This will be the second year I’ve had the opportunity to attend the festival to talk about my book, The Red Kimono and the history of the Japanese American internment.

This year, I will be giving an additional workshop on writing haiku, a poetry form I enjoy writing to describe life, as I did in my book, Life: Haiku by Haiku. The following slide from my presentation spotlights a few haiku from one of the masters:

basho haiku

The workshop will also have a haiku exercise–my favorite part, because I get to hear the magical seventeen-syllable stories of the attendees.

This year, in conjunction with the workshop, the festival sponsored a haiku contest. We had over 200 entries in the adult and children categories, and the finalists are now up on the website, where anyone can cast a vote. If you’d like to read the haiku finalists and vote, click HERE. This is the last day to vote!

The festival will be at the Johnson County Community College:

12345 College Blvd
Overland Park, KS 66210-1299

My presentations will be:

2:00 – Wearing the Red Kimono, Recital Hall
4:00 – Haiku Presentation, Hudson Auditorium

Click HERE for a full schedule of events.

And of course, I’ll be selling and signing books from 10:00 a.m. – 7:00 p.m. So, if you’re in the Kansas City area, come experience a little Japanese culture and . . .

stop by to see me, too!

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Bullying: An Infectious Disease

bully (2)

October is Bullying Prevention Awareness Month and I have a true story to tell.

I have been bullied, and I believe as a result, I have also been a bully. My siblings and many of my friends know that as the oldest of five children, I often bullied my “underling” siblings. But though it’s no excuse for bullying, I blame it on being too young and immature to carry some of the responsibilities I had as a child. Still, it’s something I regret to this day.

The bullying story that none but a few know, however, is a memory that shames me, even fifty years later.

I think I was maybe six or seven years old, perhaps even younger. I don’t want to say who bullied me, that’s not important. But I remember being made to stand still while I was criticized and chastised for how I looked–sloppy, unkempt, dirty. In particular, I was criticized for my dirty knees. I’m not surprised my knees stood out as “dirty,” knobby as they are. :)

I was hurt and scared at the same time. I wanted to leave that room, to hide from my hypercritic.

Who knows how long it took me to morph from bullied to bully-er, but I’m sure it didn’t take long. Sometime later, I took a walk around the block, and I came upon a red-headed girl, a little younger than I and began to yell at her about how she looked. In particular, I criticized her dirty knees. I remember feeling badly about it, even as I got uglier and uglier with my criticism. Yet, I couldn’t stop.

I don’t recall that I ever saw this little girl again. I’m sure she ran and hid any time I approached. I do wish I could apologize to her, even fifty years later.

So, here’s my first thought on bullying:

Bullying is like an infectious disease. When a person is bullied, he has been “infected,” and the chances are good the “germ” will spread through his contact with others.

I see varying degrees of bullying almost every day on the news, social media and even in real life. Each time, I think about what’s behind it. Here are a couple of other thoughts I’ve had:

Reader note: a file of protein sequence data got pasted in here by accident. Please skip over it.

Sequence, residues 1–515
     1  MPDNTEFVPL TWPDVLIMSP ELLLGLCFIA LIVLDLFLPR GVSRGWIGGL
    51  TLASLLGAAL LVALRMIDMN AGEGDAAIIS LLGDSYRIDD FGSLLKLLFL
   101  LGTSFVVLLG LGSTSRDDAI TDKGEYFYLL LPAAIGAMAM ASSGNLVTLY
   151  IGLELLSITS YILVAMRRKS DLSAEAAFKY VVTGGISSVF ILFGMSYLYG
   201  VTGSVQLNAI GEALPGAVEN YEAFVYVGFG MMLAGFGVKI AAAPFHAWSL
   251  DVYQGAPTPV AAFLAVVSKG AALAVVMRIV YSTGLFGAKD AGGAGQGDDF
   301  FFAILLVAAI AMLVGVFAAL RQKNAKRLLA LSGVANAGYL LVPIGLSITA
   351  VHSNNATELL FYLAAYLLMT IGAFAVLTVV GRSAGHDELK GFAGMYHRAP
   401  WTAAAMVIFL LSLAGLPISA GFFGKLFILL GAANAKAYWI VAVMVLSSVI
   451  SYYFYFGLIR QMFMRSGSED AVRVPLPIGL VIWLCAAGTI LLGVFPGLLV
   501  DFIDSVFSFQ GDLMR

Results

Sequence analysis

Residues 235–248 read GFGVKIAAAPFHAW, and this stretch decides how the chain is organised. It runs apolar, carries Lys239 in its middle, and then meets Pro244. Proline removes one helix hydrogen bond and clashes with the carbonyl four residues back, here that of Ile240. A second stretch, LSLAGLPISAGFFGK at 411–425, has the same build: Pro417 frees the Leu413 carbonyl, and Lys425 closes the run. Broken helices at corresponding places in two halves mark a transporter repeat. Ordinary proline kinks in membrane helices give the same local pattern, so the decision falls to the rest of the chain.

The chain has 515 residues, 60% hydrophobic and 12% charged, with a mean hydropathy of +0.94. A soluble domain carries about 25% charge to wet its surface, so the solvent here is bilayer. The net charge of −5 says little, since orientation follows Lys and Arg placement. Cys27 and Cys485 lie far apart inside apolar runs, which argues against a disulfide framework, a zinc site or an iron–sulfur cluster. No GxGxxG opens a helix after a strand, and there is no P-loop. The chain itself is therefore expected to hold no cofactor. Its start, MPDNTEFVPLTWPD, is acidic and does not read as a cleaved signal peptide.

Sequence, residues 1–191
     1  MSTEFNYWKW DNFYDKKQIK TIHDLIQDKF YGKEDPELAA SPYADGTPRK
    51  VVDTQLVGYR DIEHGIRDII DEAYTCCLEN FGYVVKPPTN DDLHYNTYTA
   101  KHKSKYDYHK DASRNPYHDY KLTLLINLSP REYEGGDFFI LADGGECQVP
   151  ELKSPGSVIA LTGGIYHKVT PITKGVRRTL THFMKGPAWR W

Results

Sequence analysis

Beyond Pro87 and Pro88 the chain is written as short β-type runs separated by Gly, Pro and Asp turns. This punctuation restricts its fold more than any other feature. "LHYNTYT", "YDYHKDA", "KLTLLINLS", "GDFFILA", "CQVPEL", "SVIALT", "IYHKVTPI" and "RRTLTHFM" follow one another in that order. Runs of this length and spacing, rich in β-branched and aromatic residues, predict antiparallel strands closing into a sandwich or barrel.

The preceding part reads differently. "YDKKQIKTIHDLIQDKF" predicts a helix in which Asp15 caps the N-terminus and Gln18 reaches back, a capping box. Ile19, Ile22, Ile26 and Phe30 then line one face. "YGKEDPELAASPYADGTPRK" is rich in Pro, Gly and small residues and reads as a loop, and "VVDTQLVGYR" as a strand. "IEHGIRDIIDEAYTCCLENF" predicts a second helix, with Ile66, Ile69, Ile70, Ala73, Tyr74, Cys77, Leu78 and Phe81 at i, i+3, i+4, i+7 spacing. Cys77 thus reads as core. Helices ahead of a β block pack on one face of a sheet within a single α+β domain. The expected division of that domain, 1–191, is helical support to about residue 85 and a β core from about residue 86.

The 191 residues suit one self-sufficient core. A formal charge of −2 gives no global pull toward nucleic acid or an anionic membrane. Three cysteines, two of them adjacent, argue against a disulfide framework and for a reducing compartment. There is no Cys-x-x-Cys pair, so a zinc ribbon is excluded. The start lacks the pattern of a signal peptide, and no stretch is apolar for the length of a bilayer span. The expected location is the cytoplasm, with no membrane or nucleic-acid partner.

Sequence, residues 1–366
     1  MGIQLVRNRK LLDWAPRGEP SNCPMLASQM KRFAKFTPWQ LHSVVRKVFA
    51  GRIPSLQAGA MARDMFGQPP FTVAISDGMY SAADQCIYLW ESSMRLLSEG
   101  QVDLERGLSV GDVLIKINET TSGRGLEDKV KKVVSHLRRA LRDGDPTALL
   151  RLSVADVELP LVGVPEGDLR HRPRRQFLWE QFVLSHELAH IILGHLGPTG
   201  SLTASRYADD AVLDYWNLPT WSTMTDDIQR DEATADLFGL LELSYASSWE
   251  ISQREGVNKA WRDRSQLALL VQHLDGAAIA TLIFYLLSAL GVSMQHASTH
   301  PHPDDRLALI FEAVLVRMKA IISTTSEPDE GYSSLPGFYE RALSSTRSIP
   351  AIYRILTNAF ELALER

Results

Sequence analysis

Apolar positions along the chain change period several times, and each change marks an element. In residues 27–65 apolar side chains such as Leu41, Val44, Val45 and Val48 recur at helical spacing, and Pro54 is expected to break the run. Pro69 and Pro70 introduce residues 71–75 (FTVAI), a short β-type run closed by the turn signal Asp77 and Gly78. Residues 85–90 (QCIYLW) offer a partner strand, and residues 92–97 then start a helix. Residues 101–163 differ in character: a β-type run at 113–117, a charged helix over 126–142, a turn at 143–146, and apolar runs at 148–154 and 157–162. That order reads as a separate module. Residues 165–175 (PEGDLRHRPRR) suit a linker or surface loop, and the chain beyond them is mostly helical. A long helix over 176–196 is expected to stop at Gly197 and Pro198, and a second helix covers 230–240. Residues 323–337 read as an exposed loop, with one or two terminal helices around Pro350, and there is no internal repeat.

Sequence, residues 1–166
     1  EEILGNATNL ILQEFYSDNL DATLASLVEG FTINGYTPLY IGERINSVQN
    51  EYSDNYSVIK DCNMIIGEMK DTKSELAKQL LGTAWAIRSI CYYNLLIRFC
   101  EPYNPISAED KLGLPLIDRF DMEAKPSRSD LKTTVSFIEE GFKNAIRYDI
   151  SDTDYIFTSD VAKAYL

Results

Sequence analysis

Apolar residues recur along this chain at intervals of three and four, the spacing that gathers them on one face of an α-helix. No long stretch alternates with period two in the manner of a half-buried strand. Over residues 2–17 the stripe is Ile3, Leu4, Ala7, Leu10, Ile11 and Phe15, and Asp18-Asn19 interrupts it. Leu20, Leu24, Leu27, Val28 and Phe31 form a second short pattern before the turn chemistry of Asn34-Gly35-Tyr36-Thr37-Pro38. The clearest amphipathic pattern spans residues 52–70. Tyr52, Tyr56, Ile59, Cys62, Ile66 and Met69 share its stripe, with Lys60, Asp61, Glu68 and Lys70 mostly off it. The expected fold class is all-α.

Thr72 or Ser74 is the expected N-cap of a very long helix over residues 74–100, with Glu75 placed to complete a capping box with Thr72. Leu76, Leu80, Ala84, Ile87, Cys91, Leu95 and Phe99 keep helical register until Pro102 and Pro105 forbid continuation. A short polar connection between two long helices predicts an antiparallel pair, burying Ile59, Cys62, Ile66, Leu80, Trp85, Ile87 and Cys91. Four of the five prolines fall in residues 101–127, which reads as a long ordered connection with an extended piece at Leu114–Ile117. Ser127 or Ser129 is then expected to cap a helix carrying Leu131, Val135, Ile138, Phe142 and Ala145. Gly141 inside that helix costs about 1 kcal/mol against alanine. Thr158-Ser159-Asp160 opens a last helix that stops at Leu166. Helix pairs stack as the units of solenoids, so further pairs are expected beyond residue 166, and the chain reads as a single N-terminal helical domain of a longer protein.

• Social media is an incubator. It’s made bullying covert–easier and safer. A bully can remain anonymous. But perhaps even worse, sometimes the bullying may not be intentional. I’ve seen instances where snarky, sarcastic comments are taken personally and the receiver feels bullied. Sadly, this often leads to an escalation of emotions and shuts down communication.
  • We’re losing our ability to empathize, to put ourselves in another’s shoes. What is behind someone’s bullying? How does bullying make someone feel, whether it’s in jest or not? Again, much of the blame goes to social media, where we comment without the benefit of knowing a person, without the benefit of seeing their physical response to our comments–a look in their eyes, a gasp, a wince, a turning away.

Bullying impacted me enough that I included several instances in The Red Kimono. In the following excerpt, Pearl Harbor has been attacked, and Sachi reflects on being bullied:

The school yard was crowded with kids waiting for the bell to ring. Sachi hesitated to get out of the car.

They will all stare at me.

That was just one of the things she hated about fourth grade. She didn’t like homework either. Or grumpy Mrs. Nelson. And she especially didn’t like the kids who called her slant-eyes.

One day at lunch, a boy in her class had moved to another table, all because she sat next to him. Snickers and whispers had surrounded her like moths around a porch light. She left her tray on the table and ran out of the cafeteria. But those moths flitted and batted around her all the way out.

I would love to hear your stories. Have you ever been bullied? Have you ever been a bully? Were the two related?

IThe Red Kimonon recognition of Bullying Prevention Awareness Month, anyone who leaves a comment (hope you’ll share a story!) will be entered into a drawing for an autographed copy of The Red Kimono. Drawing will be held November 1. (NOTE: If the winner lives outside of the contiguous United States, I will send a gift certificate for a Kindle version of The Red Kimono.)

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Today, while watching CNN, I was reminded once again about how history repeats itself, though not always in obvious ways.

I learned about these two hashtags: